That hot and aromatic cuppa has a whole industry working towards creating a sustainable, climate friendly and pesticide free ecosystem. The blue print is already there, and it is time for all tea cultivators to partake in this movement to save the plant.
As I sip on my morning cup of refreshing hot tea, a newspaper in hand, it is difficult to ignore the headlines that appear with disconcerting regularity on the ill effects of climate change. Climate change is a reality and it is happening here and now.
Globally, businesses are realising that climate change affects every industry and poses a threat to investment and continuing growth. This applies to the tea industry as well. Producing the world’s oldest beverage, which is gearing up to meet a projected worldwide consumption volume of 3.36 million tonnes by 2021 - The tea industry in India is not isolated, and a focus on sustainable production is important to not just contribute to the mitigation of the effects of climate change, but also stay competitive in a large and growing market.
Sustainable sourcing is important to reassure consumers that their cup of tea is produced in a manner that is economically, environmentally and socially just for communities and ecosystems. There are challenges in sustainable sourcing of tea with respect to human rights, working and living conditions, food safety, and traceability. There is a need to disseminate sustainable agricultural practices in the use of agrochemicals, natural resources like soil, water and biodiversity, energy and climate change management.
The growth of small tea growers, who produce 45 percent of Indian tea and 70 percent of Kenyan tea, offers both a challenge and an opportunity for sustainable sourcing of tea. These challenges are complex and require long-term planning and action, with the involvement of all stakeholders.
To their credit, the Indian tea industry is taking steps to ensure sustainable growth with opportunities for all stakeholders across the supply chain. The industry is today working to improve the wellbeing of the tea communities and their environment, to create a thriving tea industry that is socially just and environmentally sustainable. A lot needs to be done and progress is being made in the right direction.
Companies in the business are getting together with initiatives that promise to have a long-term positive impact on tea workers as well as the environment. From the “Ethical Tea Partnership” and “The Rainforest Alliance” at a global level to “trustea” - the India Sustainable Tea Code at the domestic level, Indian companies are today active partners in the efforts to ensure a sustainable tea industry.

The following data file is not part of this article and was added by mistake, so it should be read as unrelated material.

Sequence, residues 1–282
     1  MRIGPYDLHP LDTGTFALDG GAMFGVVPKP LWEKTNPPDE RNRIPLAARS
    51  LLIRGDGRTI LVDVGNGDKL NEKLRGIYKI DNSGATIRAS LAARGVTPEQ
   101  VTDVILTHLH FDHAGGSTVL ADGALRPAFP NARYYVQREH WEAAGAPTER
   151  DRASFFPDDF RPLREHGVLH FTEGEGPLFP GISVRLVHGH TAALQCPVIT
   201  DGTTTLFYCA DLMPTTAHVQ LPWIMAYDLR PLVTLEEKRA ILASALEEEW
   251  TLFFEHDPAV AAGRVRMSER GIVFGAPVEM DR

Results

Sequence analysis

The Rainforest Alliance
The Rainforest Alliance was founded in 1987 to address the complex issues in the context of rural landscapes and commodity value chains. It aims to conserve biodiversity and ensure a sustainable livelihood through a sustainable agriculture certification programme that covers sustainability standards, auditing processes, and a consumer-facing label, as well as training and other support to facilitate the transition to sustainable agriculture. The seal is awarded to farms, forests, and businesses that meet rigorous environmental and social standards. When purchasing tea with the Rainforest Alliance Certified™ seal, consumers are assured that the tea is grown and harvested on tea estates that follow sustainable practices.
At the close of 2017, the Rainforest Alliance certification programme included about 1.3 million farmers in 57 countries, covering a total area of about 3.5 million hectares. Production from Rainforest Alliance Certified farms accounted for approximately 10.2 percent of the world’s total production of cocoa, 19.9 percent of the world’s tea, 5.6 percent of the world’s coffee, and 6.4 percent of the world’s banana crops. Independent studies have found that Rainforest Alliance certification was associated with higher household incomes and lower rates of poverty for coffee-farming households compared to non-certified farms, and had a positive effect on forest quality.
The Ethical Tea Partnership
The Ethical Tea Partnership (ETP) is a non-commercial partnership of the tea industry and development partners, NGOs and governments to bring about a prosperous, fair and socially just, and environmentally sustainable tea industry for tea workers, farmers and their families as well as the environment.